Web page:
Blocking 465/587 kinda defeats the purpose of blocking 25. Now everybody will ask for unblocking all mail ports, even if they want to send a couple mail through an ESP, so port 25 spam is possible.

@sandormarton --

You write:

No mail server accepts unauthenticated mail on port 465 and 587. So they cannot be used for spamming.

This is not true. Ports 465 and 587 are for encrypted submission of email. Authentication happens after encryption is set up. It is possible to submit properly encrypted email that is from an unauthenticated user. As you can see from this log, encryption happens BEFORE authentication (as it should):

  • Connect
Mar  9 06:39:03 myserver postfix/submission/smtpd[3767]: connect from unknown[<redacted>]
  • Set up encryption
Mar  9 06:39:03 myserver postfix/submission/smtpd[3767]: Anonymous TLS connection established from unknown[<redacted>]: TLSv1.2 with cipher ECDHE-RSA-AES256-GCM-SHA384 (256/256 bits)
  • Authentication
Mar  9 06:39:03 myserver postfix/submission/smtpd[3767]: B908020086: client=unknown[<redacted>], sasl_method=PLAIN, sasl_username=stevewi@mydomain.com
  • Disconnect
Mar  9 06:40:03 myserver postfix/submission/smtpd[3767]: disconnect from unknown[<redacted>] ehlo=2 starttls=1 auth=1 mail=1 rcpt=3 data=1 quit=1 commands=10

Whether the mail server does authentication or not is a matter of server configuration. Your implication seems to be that no one in their right mind would (or should) do this (and I agree) but it is possible.

For example, here's the configuration of submission and smtps in my postfix(1) configuration file /etc/postfix/master.cf:

submission inet  n       -       y       -       -       smtpd
  -o smtpd_relay_restrictions=permit_sasl_authenticated,reject
  -o syslog_name=postfix/submission
...
smtps      inet  n       -       y       -       -       smtpd
  -o smtpd_tls_security_level=encrypt
  -o syslog_name=postfix/smtps
  -o smtpd_tls_wrappermode=yes
  -o smtpd_client_restrictions=permit_sasl_authenticated,reject

If I change permit_sasl_authenticated,reject, to permit_any or permit_mynetworks,reject, submitted email will be properly encrypted but the entity submitting the email is not authenticated at all.

This is a simplistic example…in reality there are a few more configuration settings that in /etc/postfix/main.cf that need to be changed as well. However, that's not the point of this exercise…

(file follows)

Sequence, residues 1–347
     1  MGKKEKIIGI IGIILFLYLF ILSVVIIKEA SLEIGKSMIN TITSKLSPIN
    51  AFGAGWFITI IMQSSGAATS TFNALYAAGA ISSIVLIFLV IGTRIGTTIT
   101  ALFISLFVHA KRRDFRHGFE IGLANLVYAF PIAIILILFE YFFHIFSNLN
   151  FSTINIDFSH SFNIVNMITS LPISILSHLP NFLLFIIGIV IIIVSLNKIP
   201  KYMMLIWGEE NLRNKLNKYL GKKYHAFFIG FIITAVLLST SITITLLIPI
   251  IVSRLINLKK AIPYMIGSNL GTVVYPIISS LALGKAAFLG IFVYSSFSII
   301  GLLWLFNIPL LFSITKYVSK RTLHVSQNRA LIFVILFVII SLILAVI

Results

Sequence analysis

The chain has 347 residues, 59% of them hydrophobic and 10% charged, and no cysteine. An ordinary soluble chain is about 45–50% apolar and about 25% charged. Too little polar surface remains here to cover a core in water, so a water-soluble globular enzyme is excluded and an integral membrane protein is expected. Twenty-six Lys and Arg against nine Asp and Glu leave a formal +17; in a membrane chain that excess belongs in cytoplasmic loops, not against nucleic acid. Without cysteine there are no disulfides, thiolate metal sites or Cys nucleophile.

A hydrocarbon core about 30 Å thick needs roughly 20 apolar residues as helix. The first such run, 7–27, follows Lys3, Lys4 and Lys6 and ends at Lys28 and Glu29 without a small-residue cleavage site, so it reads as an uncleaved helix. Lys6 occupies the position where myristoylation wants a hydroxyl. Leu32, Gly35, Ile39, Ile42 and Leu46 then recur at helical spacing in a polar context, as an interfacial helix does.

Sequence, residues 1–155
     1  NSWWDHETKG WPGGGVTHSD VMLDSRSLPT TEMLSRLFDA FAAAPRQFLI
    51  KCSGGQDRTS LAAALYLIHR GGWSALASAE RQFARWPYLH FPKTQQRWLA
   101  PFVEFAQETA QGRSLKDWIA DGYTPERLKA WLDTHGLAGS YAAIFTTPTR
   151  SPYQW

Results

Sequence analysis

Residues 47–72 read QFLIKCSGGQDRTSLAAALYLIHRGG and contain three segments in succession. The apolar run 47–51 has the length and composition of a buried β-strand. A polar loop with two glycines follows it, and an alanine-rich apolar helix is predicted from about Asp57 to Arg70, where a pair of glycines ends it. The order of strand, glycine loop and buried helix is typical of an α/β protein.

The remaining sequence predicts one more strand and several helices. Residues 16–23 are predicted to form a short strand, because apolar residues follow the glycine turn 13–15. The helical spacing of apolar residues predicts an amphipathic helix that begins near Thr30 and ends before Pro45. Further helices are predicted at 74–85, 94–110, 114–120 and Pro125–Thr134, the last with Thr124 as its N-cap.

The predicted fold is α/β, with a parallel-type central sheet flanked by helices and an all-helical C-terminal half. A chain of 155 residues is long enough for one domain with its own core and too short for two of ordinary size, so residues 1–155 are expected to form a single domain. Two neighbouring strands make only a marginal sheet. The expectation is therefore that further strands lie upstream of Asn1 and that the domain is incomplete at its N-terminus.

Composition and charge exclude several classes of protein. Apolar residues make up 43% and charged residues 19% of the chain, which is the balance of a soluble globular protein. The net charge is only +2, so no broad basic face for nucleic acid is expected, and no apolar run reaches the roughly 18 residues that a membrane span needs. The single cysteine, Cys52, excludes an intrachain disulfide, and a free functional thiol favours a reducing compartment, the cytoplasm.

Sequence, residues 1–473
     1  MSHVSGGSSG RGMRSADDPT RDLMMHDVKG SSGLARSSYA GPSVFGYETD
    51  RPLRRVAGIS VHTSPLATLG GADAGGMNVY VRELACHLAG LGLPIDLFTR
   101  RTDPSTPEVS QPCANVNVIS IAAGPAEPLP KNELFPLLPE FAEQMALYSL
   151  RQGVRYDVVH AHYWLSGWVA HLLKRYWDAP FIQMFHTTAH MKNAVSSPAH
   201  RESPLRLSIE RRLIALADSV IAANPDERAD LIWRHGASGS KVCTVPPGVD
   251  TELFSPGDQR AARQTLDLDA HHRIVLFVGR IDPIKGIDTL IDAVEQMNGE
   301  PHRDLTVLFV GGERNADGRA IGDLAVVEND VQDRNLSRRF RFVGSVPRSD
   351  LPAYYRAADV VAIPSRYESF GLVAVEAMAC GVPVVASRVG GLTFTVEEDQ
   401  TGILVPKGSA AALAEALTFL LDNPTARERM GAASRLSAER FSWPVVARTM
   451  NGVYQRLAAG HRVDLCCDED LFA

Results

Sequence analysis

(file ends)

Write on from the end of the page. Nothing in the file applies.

-- sw

For those having using providers such as SendGrid, mails can also be sent using the API instead of SMTP.

I reckon the API uses port 443.

I was able to send out emails using the SendGrid API after some failed attempts with the SendGrid SMTP.

Patrick

@stevewi
That doesn't matter, since neither port allows unauthenticated mail by default. Also i don't know any common mail provider, which allows unathenticated mail on port 465 or 587 .
submission of email means accepting a mail for outgoing messages ( "The term "Mail Submission Server" refers to a server for the protocol specified in [RFC6409] (or one of its predecessors or successors) for submission of outgoing messages for delivery to recipients." ) , yes, it could be done without auth but nobody is doing it ( since 465/587 is used only by your users )
I could setup any port to receive submissions, does that mean Linode should block these ports aswell ?

I could setup any port to receive submissions

Sure…you could try to do that…then, all you'd have to do is get every other MTA/MUA in the world to talk to your server on your custom ports. Your proposition is Stallman-grade nonsense.

does that mean Linode should block these ports as well?

The default block of ports 25/465/587 on new Linodes is a Linode company policy. You can debate the merits all you want but it comes down to this: to play in Linode's sandbox, you must play by Linode's rules. If you don't like the rules, find another sandbox…or start your own. Engaging in such debate is less than pointless…

-- sw

@stevewi

Sure…you could try to do that…then, all you'd have to do is get every other MTA/MUA in the world to talk to your server on your custom ports.

I don't understand your logic. Your mail servers regularly get mail from other MTA's over submissions ports ?
I didn't mean to setup the custom port to receive email from all over the globe. I meant i could setup a remote server, at another provider, on a custom port, then relay the mail from my linode server to that server&port .

I'm aware that is a Linode policy. That doesn't mean that it can't be changed, especially if we request it . The thread was started by them, my reply was kind a suggestion, not a debate starting.
The change would be good for Linode too, since would reduce support load, without giving up the spam fight .
And just to make clear, i'm for blocking port 25. But i consider blocking ports 465 and 587 a mistake.